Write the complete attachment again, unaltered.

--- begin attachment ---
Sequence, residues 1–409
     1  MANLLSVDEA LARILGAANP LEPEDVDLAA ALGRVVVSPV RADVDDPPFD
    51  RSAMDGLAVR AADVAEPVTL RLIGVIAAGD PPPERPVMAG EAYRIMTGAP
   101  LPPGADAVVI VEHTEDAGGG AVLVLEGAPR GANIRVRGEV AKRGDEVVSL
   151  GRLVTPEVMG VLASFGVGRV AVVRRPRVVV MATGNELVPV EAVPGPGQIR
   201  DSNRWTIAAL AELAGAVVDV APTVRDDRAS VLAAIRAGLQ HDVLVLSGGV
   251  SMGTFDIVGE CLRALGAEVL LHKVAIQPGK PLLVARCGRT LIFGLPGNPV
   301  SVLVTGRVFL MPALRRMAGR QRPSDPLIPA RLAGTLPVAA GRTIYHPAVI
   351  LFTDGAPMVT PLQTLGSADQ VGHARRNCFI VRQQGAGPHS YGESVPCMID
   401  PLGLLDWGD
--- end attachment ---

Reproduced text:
Sequence, residues 1–409
     1  MANLLSVDEA LARILGAANP LEPEDVDLAA ALGRVVVSPV RADVDDPPFD
    51  RSAMDGLAVR AADVAEPVTL RLIGVIAAGD PPPERPVMAG EAYRIMTGAP
   101  LPPGADAVVI VEHTEDAGGG AVLVLEGAPR GANIRVRGEV AKRGDEVVSL
   151  GRLVTPEVMG VLASFGVGRV AVVRRPRVVV MATGNELVPV EAVPGPGQIR
   201  DSNRWTIAAL AELAGAVVDV APTVRDDRAS VLAAIRAGLQ HDVLVLSGGV
   251  SMGTFDIVGE CLRALGAEVL LHKVAIQPGK PLLVARCGRT LIFGLPGNPV
   301  SVLVTGRVFL MPALRRMAGR QRPSDPLIPA RLAGTLPVAA GRTIYHPAVI
   351  LFTDGAPMVT PLQTLGSADQ VGHARRNCFI VRQQGAGPHS YGESVPCMID
   401  PLGLLDWGD